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Coming to Terms with Mental Ilness from a Mentally Ill Person

A very simple way to say this is that I get sad sometimes. I want to stay in bed from when the sun rises to when it sets, and I’m too sad to shower or eat. Other days, however, I can hop out of bed and run through a very productive day of schoolwork, journaling, and exercise. The thought of staying in bed all day would make me wince when I’m my productive self. I’m trying to tell you that I am mentally ill. I’m not alone, by the way, about one of six U.S. adults have a mental illness.

Mental health is slowly beginning to creep into mainstream. People are realizing when they read articles on suicide and of the mental illnesses the young victims suffered from that something is up. That these people who we have raised or grown up beside have mental health problems, and maybe those articles on self-care and self-love actually mean something.

Mental health is something that, unfortunately, seems to be a family issue for me. Almost all my loved ones have issues with it. As a mentally ill young person, having to accept that your mentally ill is one thing. If you’re lucky enough to have insurance or the Internet, you could go to a therapist, work your way up to a psychiatrist and being on medication. Worse comes to worse, you have social media which is surprisingly helpful. Doctors and medical students share helpful analysis on mental illness, on taking care of yourself, and on how to interact with others.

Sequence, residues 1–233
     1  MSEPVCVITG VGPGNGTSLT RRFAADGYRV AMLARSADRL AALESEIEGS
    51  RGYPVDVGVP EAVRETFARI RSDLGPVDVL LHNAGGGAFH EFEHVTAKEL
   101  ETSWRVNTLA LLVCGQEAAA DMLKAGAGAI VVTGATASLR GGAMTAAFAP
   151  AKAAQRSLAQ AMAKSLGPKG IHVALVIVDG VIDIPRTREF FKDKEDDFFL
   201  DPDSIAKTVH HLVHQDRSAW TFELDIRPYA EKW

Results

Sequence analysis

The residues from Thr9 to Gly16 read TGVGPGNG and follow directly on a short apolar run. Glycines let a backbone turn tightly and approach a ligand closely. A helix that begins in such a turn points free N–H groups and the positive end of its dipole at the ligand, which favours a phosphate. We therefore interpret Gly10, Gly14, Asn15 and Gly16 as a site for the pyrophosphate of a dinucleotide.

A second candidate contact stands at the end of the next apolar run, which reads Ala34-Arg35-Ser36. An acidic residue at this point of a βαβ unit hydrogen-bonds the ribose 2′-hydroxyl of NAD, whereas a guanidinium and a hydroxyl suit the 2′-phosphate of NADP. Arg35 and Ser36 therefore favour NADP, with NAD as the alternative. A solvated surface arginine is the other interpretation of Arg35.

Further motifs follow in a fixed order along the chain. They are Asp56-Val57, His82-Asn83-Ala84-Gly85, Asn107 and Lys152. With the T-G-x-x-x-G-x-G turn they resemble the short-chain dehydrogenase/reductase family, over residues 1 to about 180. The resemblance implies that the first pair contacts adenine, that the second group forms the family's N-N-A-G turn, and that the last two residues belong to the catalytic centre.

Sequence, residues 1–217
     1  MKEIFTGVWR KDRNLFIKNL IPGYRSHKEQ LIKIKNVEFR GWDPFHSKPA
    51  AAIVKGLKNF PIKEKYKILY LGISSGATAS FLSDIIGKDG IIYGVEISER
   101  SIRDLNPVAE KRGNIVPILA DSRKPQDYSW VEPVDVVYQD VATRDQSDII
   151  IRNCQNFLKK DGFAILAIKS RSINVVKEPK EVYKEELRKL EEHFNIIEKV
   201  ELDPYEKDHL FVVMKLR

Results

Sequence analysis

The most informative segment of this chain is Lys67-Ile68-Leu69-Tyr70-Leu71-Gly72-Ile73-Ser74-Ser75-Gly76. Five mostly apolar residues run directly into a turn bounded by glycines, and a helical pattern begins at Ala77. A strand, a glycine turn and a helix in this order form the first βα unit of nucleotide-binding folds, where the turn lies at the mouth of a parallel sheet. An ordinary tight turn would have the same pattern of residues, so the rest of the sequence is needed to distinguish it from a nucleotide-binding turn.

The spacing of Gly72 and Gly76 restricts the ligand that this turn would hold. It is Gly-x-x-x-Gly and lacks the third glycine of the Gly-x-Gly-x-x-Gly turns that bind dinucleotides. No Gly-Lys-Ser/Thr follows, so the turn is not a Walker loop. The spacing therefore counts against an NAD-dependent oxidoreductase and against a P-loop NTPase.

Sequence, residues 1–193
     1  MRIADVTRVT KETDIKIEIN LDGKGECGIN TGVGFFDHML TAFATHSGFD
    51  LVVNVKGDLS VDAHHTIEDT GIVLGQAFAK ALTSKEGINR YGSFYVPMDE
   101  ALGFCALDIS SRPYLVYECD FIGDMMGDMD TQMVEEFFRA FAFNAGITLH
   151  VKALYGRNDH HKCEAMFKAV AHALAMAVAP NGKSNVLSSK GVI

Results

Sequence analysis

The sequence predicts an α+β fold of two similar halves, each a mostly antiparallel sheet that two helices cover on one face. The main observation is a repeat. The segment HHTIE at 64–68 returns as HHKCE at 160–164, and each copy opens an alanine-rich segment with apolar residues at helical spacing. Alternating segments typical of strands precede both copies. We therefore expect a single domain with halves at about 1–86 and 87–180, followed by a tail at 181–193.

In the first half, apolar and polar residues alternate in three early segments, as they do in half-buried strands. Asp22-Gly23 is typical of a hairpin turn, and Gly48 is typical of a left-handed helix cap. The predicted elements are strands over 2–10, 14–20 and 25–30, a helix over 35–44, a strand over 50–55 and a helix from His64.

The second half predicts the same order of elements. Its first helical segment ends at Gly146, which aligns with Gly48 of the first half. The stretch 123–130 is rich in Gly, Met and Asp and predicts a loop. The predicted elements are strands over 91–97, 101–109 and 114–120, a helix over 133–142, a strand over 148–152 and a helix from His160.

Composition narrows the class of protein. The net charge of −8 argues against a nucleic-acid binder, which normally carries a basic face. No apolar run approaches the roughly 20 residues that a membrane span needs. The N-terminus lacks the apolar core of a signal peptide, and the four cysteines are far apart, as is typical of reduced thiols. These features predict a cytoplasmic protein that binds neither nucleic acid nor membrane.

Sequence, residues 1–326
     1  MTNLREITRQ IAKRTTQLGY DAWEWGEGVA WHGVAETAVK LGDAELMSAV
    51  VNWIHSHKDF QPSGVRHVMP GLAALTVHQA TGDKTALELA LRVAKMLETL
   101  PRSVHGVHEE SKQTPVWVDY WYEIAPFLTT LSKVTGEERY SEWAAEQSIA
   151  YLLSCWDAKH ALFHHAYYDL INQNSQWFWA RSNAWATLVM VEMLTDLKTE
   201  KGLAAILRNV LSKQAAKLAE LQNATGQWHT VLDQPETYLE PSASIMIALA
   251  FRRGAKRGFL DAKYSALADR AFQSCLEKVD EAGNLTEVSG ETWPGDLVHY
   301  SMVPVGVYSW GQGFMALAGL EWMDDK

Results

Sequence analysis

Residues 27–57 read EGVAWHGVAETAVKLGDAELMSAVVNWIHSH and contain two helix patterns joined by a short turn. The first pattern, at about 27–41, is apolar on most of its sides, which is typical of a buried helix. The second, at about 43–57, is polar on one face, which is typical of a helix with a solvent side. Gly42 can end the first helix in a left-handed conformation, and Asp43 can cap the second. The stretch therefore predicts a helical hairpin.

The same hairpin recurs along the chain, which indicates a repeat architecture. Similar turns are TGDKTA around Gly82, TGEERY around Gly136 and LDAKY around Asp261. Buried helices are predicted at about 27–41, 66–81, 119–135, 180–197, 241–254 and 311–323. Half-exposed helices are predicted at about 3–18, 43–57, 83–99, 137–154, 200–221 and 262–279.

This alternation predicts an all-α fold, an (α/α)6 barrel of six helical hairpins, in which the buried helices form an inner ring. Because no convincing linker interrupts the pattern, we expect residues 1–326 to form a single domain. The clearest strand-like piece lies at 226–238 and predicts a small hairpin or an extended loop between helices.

For those with mental illnesses, I recognize that coming to terms with your illness may be difficult. It means needing extra help where others do not such as completing menial chores, having to be kind to your brain and your body, and having the extra responsibility of reacting to whatever your mental illness is telling you in a responsible and healthy way. That’s why it is so incredibly important to have a support system, to have resources to help navigate mental health.

For those supporting loved ones with mental illness, it is important to have that variegated support system. To have people to lean back on when times are tough, to have people to help sort out certain issues that come to light. Especially when both people are mentally ill and are working towards positive thinking and embracing life.

There is no great secret to coping with mental illness. There is no master plan on how to better take care of yourself as a mentally ill person or to to better support another mentally ill person. But the secret to coming to terms with it is to never be alone.

Picture Source: Artem 

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